Erased Sol LeWitt

Dear Reader,

This is Tammy.  It’s hard to imagine that the Sol LeWitts are gone. We got up REALLY EARLY last week to witness the big event and I think I gasped when the first roll of paint hit it. And not because I’m one of those people who believe in the sacredness of art and its artifacts, but because I suddenly realized that these giant stripes of color have been a subliminal message for me in my five years of working here at the museum, and I gasped because I had finally figured it out…yes, Sol LeWitt’s Wall Drawings #935 and #936 look like my mother’s dresses from the seventies—sacred (my mother and the seventies, I don’t really care about dresses).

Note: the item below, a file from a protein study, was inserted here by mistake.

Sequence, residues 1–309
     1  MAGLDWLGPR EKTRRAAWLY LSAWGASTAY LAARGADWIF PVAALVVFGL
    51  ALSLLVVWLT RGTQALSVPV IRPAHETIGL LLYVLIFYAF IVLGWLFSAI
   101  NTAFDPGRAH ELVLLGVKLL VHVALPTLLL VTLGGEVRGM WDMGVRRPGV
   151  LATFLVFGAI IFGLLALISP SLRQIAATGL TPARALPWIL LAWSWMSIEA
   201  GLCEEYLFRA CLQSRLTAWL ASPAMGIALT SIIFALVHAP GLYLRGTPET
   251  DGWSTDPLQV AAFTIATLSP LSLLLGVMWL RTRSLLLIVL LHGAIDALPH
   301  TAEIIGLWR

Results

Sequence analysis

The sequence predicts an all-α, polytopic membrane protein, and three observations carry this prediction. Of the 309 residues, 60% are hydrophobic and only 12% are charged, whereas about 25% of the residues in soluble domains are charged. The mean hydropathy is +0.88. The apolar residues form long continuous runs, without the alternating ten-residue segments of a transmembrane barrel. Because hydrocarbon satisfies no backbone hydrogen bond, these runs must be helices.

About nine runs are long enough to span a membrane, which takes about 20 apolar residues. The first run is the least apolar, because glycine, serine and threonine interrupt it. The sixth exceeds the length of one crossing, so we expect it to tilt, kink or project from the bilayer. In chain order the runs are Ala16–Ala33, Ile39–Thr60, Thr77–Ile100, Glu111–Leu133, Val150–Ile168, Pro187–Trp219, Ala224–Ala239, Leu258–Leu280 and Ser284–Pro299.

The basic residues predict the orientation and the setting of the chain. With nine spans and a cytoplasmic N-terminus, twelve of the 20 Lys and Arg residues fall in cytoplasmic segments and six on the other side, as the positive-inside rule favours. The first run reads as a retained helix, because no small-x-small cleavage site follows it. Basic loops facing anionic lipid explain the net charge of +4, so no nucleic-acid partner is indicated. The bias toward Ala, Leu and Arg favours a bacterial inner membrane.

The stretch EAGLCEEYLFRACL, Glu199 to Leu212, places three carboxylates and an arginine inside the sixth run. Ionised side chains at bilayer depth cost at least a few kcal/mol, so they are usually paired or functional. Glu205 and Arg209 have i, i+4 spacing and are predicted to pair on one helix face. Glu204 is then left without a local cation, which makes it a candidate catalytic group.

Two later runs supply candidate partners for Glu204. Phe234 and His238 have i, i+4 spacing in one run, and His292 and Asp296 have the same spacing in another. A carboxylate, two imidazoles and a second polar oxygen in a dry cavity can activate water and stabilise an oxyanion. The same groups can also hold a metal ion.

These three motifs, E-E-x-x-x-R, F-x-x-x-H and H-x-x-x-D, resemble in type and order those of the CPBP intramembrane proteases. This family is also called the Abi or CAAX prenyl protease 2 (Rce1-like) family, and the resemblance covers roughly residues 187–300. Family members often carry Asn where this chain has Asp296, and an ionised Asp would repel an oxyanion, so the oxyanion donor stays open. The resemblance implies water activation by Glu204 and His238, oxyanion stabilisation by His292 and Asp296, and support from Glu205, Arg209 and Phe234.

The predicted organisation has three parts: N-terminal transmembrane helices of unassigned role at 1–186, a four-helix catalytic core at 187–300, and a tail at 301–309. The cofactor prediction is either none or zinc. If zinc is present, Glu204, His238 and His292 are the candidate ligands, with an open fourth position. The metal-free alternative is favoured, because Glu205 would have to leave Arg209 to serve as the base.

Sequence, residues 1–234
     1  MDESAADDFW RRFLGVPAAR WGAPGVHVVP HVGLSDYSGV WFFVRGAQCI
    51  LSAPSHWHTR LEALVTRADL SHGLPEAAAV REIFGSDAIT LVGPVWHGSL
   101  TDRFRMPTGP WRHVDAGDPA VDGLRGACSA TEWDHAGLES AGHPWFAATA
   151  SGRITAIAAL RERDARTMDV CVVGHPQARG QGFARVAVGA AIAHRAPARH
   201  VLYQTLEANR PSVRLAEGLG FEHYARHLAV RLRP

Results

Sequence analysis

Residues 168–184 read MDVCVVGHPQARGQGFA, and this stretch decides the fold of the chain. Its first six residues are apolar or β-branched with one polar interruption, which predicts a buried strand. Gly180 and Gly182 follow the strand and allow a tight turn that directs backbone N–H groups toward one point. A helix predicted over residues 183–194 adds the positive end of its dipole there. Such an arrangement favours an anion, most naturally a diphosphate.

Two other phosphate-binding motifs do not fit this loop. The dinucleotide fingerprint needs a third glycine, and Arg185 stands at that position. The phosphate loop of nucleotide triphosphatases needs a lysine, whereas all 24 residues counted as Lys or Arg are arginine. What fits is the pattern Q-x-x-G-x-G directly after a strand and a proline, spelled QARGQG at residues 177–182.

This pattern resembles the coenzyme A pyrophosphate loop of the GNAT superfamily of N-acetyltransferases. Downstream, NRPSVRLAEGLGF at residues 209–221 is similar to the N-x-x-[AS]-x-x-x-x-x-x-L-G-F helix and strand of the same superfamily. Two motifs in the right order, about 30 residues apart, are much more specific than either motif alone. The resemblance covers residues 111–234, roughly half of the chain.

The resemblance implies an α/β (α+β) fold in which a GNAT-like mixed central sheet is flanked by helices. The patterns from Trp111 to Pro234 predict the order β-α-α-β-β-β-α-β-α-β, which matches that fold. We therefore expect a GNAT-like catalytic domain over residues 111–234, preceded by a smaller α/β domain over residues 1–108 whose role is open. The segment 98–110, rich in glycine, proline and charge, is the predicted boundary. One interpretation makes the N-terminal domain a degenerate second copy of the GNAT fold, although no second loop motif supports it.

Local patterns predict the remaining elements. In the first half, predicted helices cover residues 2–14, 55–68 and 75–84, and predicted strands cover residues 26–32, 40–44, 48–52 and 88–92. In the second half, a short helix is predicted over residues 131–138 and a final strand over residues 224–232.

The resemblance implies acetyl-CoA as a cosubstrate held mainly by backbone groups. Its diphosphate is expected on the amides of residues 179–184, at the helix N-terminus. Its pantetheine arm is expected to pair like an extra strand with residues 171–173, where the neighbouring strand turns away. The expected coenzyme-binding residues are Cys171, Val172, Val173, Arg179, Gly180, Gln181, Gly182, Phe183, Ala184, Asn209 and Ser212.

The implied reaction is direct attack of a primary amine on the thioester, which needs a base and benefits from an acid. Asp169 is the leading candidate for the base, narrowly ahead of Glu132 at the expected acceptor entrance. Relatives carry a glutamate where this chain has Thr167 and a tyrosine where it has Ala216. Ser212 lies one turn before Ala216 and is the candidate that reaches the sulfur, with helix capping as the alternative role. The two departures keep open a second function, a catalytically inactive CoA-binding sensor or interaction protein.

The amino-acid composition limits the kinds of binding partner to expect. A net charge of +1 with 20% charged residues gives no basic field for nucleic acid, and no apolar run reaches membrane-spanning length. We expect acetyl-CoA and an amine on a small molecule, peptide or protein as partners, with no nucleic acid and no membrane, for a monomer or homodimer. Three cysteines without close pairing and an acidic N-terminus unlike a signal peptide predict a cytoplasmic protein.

Even still, there was something very satisfying about watching the erasure of this bold display. Someone made a joke about wearing white after Labor Day, and then staff photographer Don Ross got stuck up in the cherry picker.

I was sad to see them go:

Comments (3)

  • Wow I loved watching that! It was very satisfying in a way. Talk about closure. I wish I could hire those guys to paint over my past relationships. The end in particular, with the guy in the cherry picker lowering himself offscreen, was AWESOME. I liked your Hitchcocky cameo too, Tammy. Great job!

  • brilliant. i especially love the role of the cherry picker.

  • Tammy, I was also glad to be able to witness the Lewitts get painted over. I think watching it happen was less traumatic then them suddenly disappearing one day. Tim S. and I spoke about it and we compared it to an open casket funeral: it’s kinda weird but it also lets you say good-bye and have some closure.

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